Artist, designer, creative director: though it may be hard to believe at first glance, Alvin’s been a part of the art scene since 1994. As a founding partner of PHUNK, a contemporary art and design collective, Alvin is not only our first curator of the second Shentonista Restyled collection but also holds the title of being our first menswear curator.

Much like his art, his fashion sense is also heavily influenced by his music choices, with splashes of punk rock making an appearance in his curated looks. Aside from the vintage items, Alvin’s collection also includes some unique art pieces created by him and his collective. In the interview below, we asked him about his 25-year-long career, his musical inspirations, and how his fashion is shaped and inspired by his practice.


How do you think PHUNK’s studio style has changed from then to now?
PHUNK has moved through the different eras of trends, and we’ve changed in the way we approach illustration and design. Even technology has changed style. It has grown more complex and better throughout the years. 

In terms of design, that has expanded a lot, but in terms of our premise, I feel what we create as artists has always remained the same. Inspiration-wise, we are less influenced by outside elements now, and we create more with our own library of works as an influence. We tend to tap into our past more. 

In terms of our music influences, the ones that we still have a heart for are old-school musicians and bands. We listen to the new artists, but they don’t influence us as much.

You’re a part of a studio collective, but you also design outside of the studio—could you tell me more about the differences?
As a collective, the work we do is based on our shared memories and interests. My artworks are based more on my personal interests in certain things which revolve more around kaleidoscopes and mandalas.

How has it been for the studio with Covid-19 restrictions, as we understand it was quite difficult for several art studio collectives to hold any exhibitions that weren’t online?
Towards the end of December last year, the National Arts Council was planning for Singapore Art Week, but international artists weren’t able to fly in. This ended up being a blessing in disguise for our local art scene as we were able to showcase younger artists and talents. Despite the setback, we still received several projects and commissions.

In your opinion, how has the pandemic situation shaped the art landscape?
Obviously, everyone had to pivot or try to create with digital media. I feel it’s been harder for those who handle events, as physical participation is important. However, when it comes to the arts, you can still take your time to go to a gallery even if the duration is short, and have a look around. I don’t think the pandemic affected the art scene as much as certain retail or fashion events.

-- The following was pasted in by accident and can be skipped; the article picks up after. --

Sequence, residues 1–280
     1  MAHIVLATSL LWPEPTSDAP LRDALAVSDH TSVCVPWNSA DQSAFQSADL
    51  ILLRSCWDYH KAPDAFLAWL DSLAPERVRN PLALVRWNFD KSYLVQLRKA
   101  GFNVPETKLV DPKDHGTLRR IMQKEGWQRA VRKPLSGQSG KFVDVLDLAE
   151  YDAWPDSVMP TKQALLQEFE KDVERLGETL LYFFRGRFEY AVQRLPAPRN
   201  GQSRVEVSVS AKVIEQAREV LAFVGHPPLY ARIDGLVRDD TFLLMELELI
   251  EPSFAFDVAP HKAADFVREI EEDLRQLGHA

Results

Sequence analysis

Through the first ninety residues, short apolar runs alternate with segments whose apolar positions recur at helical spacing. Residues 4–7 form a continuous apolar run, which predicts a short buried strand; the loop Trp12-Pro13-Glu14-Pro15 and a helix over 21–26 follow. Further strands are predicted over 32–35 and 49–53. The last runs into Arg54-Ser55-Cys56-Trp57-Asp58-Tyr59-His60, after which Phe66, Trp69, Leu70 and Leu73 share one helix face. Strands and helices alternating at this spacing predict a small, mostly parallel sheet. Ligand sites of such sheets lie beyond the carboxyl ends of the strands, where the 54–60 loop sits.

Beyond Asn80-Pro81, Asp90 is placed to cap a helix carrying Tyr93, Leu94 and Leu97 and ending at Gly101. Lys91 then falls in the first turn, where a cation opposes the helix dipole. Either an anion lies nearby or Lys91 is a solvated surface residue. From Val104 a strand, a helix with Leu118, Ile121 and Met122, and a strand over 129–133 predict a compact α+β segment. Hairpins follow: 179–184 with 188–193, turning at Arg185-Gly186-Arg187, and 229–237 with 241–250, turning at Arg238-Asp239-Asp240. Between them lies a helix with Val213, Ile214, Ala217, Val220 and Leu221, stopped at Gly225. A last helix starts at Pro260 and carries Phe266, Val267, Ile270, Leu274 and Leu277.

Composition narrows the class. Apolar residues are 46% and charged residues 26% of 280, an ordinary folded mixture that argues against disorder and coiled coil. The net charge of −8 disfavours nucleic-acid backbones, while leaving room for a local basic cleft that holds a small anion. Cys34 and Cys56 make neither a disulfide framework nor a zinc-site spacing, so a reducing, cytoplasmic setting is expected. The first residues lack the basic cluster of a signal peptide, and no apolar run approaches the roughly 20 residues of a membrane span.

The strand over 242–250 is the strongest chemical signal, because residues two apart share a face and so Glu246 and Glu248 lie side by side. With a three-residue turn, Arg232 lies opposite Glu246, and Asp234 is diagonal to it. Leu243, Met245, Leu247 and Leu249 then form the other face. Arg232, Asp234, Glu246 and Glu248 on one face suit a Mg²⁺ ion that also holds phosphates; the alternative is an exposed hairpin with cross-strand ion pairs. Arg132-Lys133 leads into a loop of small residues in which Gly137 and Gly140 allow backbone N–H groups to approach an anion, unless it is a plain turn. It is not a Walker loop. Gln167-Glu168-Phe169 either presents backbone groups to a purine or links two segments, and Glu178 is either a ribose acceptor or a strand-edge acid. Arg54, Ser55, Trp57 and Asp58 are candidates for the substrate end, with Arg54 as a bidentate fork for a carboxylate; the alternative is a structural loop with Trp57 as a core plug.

Does your occupation influence the way you dress?
Definitely! I bought several band t-shirts before they went out of trend. I still enjoy searching for band t-shirts as vintage is always in and they can easily cost up to $300-600. My favourites are shirts from the band KISS, ’80’s t-shirts, and old sports brands t-shirts. Depending on the work I have to do that day, I’ll probably dress in either something comfortable or easy to wash afterwards. 

How would you describe your fashion sense?
My fashion sense is more minimalistic, less loud colours, and predominantly black, grey, and white. Maybe a little bit of colour, like pink and yellow sometimes. Black isn’t my favourite colour, but I tend to buy clothes depending on whether they match the rest of my wardrobe. Black is easy to match and I don’t get trapped in a 30-minute decision-making process on what to wear.

What’s your favourite medium to express yourself?
I’m interested in new mediums I don’t understand, so for the last couple of years, 3D-printing became a new discovery. Some of the sculptures that we do have been created through 3D  printing. The artwork titled Fragments of Hearts was designed on 3D software, then formed with resin and a mould.

How often do you replace your old apparel with new ones?
I don’t shop often, so it’s only when I see something I really like. I won’t go window shopping and pick something randomly. My taste is quite specific, so I always know what I’m looking out for. I only buy new clothes when I really need to, otherwise with my old clothes, I wear them to death basically. (laughs)

Would you happen to have any interesting anecdotes or associated memories to share with us about your three looks?
Well, starting with the Pink Floyd shirt, I received it as a gift from a friend and it really reflects my music sense. The t-shirt from Uniqlo that showcases both Kurt Cobain and Nirvana is another reflection of my taste in music. I really enjoy old school rock. I bought the Lad Musician t-shirt in Japan as the slogan is something I believe in. Its message is very relevant throughout the different times.

Shop Alvin’s full Shentonista Restyled collection here.

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